Assistant U.S. Attorney Lewis Davis was tapped Monday to join the Contra Costa County Superior Court bench later this month, making him part of a succession of federal prosecutors to make that jump in recent years.

Davis became the third member of U.S. Attorney Kevin Ryan’s staff sent to the Contra Costa court by Gov. Arnold Schwarzenegger, following John “Jack” Laettner and Charles “Ben” Burch, who were appointed in the last two years. Contra Costa Judges Theresa “Terry” Canepa, Harlan Grossman and John Kennedy have also served in the Northern District U.S. attorney’s office before.

It’s been something of a long wait for Davis, 57, who first tried applying to the Contra Costa County Municipal Court 10 years ago. A Republican, Davis graduated from McGeorge School of Law and worked for six years as a deputy district attorney in Alameda County. In 16 years as a federal prosecutor, Davis served as member of the organized crime drug enforcement task force, and was also a training director for the U.S. attorney’s office under Robert Mueller, the current director of the Federal Bureau of Investigations.

Of four others selected Monday for other courts, three are Republicans and one registered declining to state a party. Local prosecutor Edward Bullard will join the Santa Barbara County bench, while civil litigator Carolyn Caietti and federal prosecutor Laura Parsky will become judges in San Diego County. James Rogan, a former congressman who once served as director of the U.S. Patent and Trademark Office, will fill an Orange County seat in October.

Matthew Hirsch


It will soon be up to the Ninth Circuit to decide whether the U.S. Department of Justice can stop a suit against AT&T by customers accusing the phone company of illegally granting government access to private communications.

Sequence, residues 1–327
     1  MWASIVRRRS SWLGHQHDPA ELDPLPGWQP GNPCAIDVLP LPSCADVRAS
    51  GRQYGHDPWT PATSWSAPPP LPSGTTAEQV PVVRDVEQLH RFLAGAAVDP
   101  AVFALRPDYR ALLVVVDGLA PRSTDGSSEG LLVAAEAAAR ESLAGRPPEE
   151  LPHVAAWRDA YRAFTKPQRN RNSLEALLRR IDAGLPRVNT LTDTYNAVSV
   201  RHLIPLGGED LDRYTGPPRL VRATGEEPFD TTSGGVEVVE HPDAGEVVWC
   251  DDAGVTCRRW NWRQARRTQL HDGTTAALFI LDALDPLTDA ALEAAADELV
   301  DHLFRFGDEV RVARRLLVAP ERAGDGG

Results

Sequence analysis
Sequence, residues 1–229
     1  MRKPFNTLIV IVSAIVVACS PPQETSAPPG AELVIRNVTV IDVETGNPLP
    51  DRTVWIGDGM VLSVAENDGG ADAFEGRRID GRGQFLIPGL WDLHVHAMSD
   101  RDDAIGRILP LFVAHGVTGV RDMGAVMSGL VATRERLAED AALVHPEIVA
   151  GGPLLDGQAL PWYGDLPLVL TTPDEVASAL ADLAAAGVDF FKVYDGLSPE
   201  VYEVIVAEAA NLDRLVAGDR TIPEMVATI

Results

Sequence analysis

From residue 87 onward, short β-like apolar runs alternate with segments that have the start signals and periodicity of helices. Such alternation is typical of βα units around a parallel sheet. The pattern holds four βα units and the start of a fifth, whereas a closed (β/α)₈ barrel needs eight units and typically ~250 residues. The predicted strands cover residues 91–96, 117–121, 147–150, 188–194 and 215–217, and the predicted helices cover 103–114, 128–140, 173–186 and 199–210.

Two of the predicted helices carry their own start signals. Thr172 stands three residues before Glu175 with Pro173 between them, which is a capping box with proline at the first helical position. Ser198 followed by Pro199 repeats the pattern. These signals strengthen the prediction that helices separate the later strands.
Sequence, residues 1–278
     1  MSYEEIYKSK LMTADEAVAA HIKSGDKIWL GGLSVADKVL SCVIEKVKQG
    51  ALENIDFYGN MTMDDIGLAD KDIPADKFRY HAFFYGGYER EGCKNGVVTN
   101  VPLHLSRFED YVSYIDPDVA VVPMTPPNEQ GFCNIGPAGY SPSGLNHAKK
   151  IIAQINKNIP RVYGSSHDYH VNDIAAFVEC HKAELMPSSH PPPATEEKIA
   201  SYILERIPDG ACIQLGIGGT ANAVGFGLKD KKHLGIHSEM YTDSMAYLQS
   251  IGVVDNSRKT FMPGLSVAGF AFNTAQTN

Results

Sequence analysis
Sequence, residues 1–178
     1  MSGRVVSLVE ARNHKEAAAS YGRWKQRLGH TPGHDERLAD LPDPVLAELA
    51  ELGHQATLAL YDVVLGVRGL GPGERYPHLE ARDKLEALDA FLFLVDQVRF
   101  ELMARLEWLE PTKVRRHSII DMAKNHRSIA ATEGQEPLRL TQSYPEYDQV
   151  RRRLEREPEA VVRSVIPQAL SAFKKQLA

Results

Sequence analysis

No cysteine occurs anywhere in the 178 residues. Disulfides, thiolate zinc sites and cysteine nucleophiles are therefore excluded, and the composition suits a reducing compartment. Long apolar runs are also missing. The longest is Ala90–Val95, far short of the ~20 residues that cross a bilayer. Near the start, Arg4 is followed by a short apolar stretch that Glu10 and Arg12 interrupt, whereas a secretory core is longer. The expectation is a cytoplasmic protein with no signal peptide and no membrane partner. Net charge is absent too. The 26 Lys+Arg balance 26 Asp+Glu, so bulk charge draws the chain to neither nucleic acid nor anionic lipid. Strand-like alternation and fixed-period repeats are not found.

In an unsurprising move Monday, the government and AT&T appealed a July 20 ruling by Judge Vaughn Walker, who had refused to dismiss the case despite government arguments that it should not proceed because it would reveal state secrets necessary for maintaining national security.

Walker, the chief judge of the Northern District of California federal court, said that because the government’s secret wiretapping program was well-known to the public � thanks largely to a series in the New York Times last year � the state secrets privilege may not apply.

The government had tried to bolster its case by giving Walker access to classified documents.

With a handful of similar suits in federal courts around the country, there was speculation last week that the government would wait to appeal until after the cases were consolidated, perhaps avoiding the Ninth Circuit.

But the appeal was ultimately filed a few days after the federal multidistrict litigation panel heard arguments Friday � when the government said the case should go to a Washington, D.C., district court, whereas plaintiffs said the cases should be consolidated in San Francisco.

Lawyers for AT&T and the government couldn’t be reached by press time. Reed Kathrein, a partner at Lerach, Coughlin, Stoia, Geller, Rudman & Robbins who is representing the plaintiffs, said he’s not sure how consolidation will affect the appeal.

Having an appealed case up for consolidation “is a rare situation,” he said. “I’ve never been in one where the government’s been on the other side. I’ve never seen one where a case that’s already been appealed is pending.”

Justin Scheck

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